The Healthy Honeybee

Learning about Beekeeping

all is well


The populations of the hives seem to be expanding – I think I’ve got bees now that were eggs when I bought the frames. The time it takes for the worker bees to develop, from egg to worker, is about 21 days, so that makes sense.

The visit today went well. The mistake I corrected last time seems to have been taken in stride by all the lovely ladies in the hives. I noticed that the honeycomb I uncapped and scraped off a bit has now been re-capped, and everything fits better.

In the hives I saw eggs, larvae, capped brood, and one queen. The other queen was hiding from me, I guess. I saw eggs, though, so I’m not too worried about it. If she is gone, the workers will raise a new queen with the eggs they have available.
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oops


Some people have to learn the hard way. I didn’t think I was one of those people, but apparently this time I am. In the beekeeping course I took, the concept of ‘bee space’ was drilled into us. It’s important to keep a certain small distance between the frames in the hive in order to keep them easy to work with. If you leave too much space, the bees will build crazy bulging comb and make the frames harder to work with.

Guess what.

Somehow I managed to completely forget that lesson. Oops. So, when I went to check on my hives, I had crazy bulging comb and frames that were hard to work with.

So…

I had to scrape off the crazy bulging comb. At least it wasn’t brood comb I was destroying. I think if it had been brood comb I might have tried to think of another way, but honeycomb? Yummy! They’ll fix it.
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how sweet it is


A sunny afternoon finally came on a day when I could go to the beeyard. It’s been about two weeks since I installed the bees, and I’ve been itching to go inspect them for about a week.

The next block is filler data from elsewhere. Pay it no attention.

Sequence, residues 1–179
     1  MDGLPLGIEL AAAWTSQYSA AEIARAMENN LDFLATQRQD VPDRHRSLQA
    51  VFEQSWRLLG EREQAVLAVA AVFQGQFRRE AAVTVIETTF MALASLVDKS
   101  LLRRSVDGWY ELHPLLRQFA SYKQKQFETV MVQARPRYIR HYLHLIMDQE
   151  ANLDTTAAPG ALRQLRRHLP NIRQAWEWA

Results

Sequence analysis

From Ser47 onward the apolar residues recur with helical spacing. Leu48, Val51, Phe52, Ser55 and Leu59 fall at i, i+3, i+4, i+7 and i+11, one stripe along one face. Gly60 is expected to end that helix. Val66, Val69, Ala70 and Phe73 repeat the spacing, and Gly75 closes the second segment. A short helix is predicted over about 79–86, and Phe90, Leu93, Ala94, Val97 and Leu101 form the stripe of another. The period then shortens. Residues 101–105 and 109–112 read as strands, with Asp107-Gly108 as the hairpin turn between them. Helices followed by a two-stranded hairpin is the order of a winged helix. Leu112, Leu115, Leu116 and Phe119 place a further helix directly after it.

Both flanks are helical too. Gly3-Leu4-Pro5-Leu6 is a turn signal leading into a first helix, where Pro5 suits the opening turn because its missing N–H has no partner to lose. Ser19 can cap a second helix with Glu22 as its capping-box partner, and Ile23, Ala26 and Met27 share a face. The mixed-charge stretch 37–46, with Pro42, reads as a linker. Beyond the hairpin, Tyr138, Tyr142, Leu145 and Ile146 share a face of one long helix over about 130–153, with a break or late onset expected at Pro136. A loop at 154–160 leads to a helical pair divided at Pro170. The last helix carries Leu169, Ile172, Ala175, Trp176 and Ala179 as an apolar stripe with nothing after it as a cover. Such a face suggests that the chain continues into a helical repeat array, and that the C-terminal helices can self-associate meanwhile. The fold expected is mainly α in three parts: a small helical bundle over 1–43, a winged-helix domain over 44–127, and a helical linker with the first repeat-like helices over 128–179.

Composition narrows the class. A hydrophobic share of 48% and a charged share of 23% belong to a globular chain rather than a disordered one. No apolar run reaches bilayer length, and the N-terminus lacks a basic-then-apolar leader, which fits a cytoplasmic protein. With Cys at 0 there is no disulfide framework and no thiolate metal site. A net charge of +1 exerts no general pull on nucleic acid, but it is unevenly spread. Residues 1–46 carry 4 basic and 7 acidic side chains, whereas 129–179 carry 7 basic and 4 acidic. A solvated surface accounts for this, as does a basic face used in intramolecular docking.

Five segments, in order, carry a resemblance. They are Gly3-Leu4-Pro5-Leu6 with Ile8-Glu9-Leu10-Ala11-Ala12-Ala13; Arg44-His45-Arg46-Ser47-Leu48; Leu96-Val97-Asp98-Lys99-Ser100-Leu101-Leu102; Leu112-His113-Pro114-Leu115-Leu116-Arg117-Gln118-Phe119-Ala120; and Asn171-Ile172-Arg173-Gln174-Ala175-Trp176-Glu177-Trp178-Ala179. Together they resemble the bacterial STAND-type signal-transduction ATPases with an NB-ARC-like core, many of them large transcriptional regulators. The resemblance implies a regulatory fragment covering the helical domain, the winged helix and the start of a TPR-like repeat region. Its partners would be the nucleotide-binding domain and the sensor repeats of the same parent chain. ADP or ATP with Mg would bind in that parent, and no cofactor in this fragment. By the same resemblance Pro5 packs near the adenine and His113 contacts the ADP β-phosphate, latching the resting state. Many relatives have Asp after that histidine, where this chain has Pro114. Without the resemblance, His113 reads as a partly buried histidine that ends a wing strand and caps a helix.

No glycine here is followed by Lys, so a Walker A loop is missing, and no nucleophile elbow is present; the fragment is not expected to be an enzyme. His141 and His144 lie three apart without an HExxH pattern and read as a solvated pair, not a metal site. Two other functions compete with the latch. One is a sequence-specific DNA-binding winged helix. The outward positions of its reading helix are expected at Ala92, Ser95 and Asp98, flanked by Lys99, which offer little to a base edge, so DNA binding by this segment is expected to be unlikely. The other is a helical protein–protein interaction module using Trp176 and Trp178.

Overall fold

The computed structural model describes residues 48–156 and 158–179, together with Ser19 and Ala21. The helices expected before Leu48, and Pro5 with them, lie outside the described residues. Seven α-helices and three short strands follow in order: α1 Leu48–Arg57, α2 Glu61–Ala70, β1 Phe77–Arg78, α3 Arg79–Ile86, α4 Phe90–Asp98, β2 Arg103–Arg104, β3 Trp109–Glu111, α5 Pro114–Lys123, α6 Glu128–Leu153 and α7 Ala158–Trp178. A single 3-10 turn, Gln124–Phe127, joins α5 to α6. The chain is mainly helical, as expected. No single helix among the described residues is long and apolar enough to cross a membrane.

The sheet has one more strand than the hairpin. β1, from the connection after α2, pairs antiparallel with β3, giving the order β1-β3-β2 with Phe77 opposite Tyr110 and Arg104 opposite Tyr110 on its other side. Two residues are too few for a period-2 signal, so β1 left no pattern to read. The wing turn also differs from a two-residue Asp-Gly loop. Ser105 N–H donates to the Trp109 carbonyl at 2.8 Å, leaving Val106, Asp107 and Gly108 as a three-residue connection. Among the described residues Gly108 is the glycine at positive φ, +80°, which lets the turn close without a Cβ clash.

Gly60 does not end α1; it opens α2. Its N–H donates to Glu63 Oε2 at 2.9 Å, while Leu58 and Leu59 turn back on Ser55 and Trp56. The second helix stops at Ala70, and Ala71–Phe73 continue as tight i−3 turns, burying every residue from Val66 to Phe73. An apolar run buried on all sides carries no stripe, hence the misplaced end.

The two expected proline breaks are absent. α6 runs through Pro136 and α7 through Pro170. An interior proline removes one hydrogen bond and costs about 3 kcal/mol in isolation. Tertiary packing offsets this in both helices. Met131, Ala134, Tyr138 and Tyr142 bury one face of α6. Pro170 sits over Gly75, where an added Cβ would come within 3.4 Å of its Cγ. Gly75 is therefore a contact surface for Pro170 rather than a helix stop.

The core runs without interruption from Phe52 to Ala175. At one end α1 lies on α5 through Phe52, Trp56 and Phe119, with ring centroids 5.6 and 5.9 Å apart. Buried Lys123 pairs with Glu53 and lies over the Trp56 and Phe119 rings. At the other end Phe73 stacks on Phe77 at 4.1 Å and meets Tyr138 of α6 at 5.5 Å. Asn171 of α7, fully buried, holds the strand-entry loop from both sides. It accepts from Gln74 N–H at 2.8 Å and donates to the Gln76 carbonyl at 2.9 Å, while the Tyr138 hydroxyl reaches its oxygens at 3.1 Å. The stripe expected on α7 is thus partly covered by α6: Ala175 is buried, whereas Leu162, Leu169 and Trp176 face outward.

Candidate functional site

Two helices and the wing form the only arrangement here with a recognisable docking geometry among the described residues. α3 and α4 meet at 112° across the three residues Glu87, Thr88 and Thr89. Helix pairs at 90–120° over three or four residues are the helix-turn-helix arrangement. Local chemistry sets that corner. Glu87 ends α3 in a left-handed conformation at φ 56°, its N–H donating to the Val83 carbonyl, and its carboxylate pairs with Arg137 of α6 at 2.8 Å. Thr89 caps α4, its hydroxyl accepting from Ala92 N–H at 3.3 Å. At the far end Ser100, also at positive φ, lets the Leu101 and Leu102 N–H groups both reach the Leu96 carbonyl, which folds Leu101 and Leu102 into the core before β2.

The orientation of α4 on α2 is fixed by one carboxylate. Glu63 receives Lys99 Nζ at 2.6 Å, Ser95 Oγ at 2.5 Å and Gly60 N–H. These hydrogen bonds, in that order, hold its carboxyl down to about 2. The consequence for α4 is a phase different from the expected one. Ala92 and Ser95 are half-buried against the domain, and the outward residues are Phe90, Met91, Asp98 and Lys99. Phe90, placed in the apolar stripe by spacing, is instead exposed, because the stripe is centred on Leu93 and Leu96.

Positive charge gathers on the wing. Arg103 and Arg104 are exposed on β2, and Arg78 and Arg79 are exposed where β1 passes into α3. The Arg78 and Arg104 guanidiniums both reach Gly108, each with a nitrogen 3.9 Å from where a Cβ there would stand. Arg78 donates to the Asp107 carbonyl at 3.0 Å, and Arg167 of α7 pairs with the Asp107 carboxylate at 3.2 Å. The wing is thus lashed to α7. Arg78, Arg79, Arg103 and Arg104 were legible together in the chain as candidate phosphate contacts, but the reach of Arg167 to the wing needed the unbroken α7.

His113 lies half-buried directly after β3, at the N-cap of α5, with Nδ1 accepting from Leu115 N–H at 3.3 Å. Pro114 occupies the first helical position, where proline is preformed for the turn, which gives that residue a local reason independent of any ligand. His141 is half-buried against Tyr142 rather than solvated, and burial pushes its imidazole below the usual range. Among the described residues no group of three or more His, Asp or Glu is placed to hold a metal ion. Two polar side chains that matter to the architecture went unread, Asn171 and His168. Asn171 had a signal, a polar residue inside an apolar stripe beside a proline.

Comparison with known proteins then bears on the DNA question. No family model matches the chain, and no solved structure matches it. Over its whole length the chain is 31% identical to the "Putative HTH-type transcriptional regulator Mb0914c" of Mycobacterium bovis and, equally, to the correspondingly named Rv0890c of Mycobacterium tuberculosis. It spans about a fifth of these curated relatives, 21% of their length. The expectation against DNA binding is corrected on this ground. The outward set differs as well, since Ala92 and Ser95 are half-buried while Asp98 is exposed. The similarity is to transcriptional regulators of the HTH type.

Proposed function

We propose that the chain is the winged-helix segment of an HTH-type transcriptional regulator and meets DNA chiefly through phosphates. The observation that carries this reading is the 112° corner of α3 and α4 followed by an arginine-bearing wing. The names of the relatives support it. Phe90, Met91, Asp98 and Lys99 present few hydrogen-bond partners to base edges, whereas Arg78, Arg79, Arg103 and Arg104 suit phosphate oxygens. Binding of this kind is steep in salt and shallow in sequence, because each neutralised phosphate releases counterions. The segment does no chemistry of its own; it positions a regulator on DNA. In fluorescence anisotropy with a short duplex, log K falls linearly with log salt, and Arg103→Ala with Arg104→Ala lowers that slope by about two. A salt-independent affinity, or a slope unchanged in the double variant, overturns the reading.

Nothing tastes better than honey and comb, warm and drippy, straight from the hive. My girls thought so too.
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sisters


I’m not sure if this is sisterly affection, or sanitation crew. When I went to check on my bees Tuesday, this drama was playing out in front of one of the hives. The bee on her back is not really moving much, but still alive. Her sister was hanging around, and to me it looked like she was trying to help the bee get back up on her feet. However, I know bees are tidy creatures, so perhaps the intention of the healthy one was not so noble.
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i think they’ve settled in


I forgot to put bricks on top of the hives this afternoon when I was there, and I also wanted to check and make sure nothing weird was going on, so I drove out to the beeyard for the 3rd time today to check the hives (no opening, just watching the entrance) and put the bricks on top. I saw bees coming and going, some with pollen, most without. Seems like they’ve accepted the homes we made for them, so I will be able to sleep tonight.
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they’re here!


Here I am with one of my nucs. Tibor Szabo’s beeyard is behind me – this is where my bees came from. A big thank you to Tibor for all of the helpful advice that came with the bees!

Now I feel like a beekeeper – I actually have bees to call my own. I hope they like their new homes.
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ready….. i think


I took the girls out on a ‘breakfast picnic’ this morning at Fertile Ground CSA, which is where my beeyard is located. Today is the first day of the CSA pickup season for Angie and Mark, so they were very busy setting up their washing station and harvesting their organic veggies. I was busy too, setting up the hives in preparation for the bees. My girls had their breakfast on a picnic blanket, and were slightly annoyed with the early morning mosquitoes.

Only 2 more hours until I pick up my bees!
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last minute jobs


I had a little helper today as I added some finishing touches to my brood chambers. He helped me hammer the frame rests into place. Hopefully that will be the last job, other than heading out to Fertile Ground CSA to set up the boxes tomorrow morning before I pick up my nucs! Yes, tomorrow is the day – I will become the proud owner of 2 nucs of bees. Wish me luck!
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pretty pics


These bees are not mine – they belong to Ken. In this picture they are working on capping some honey. The white part at the top is freshly capped, while the bottom combs are full of honey and not yet capped. Isn’t it beautiful? I can hardly wait to get my own.
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many hands


I now have painted hives, thanks to my two helpers!
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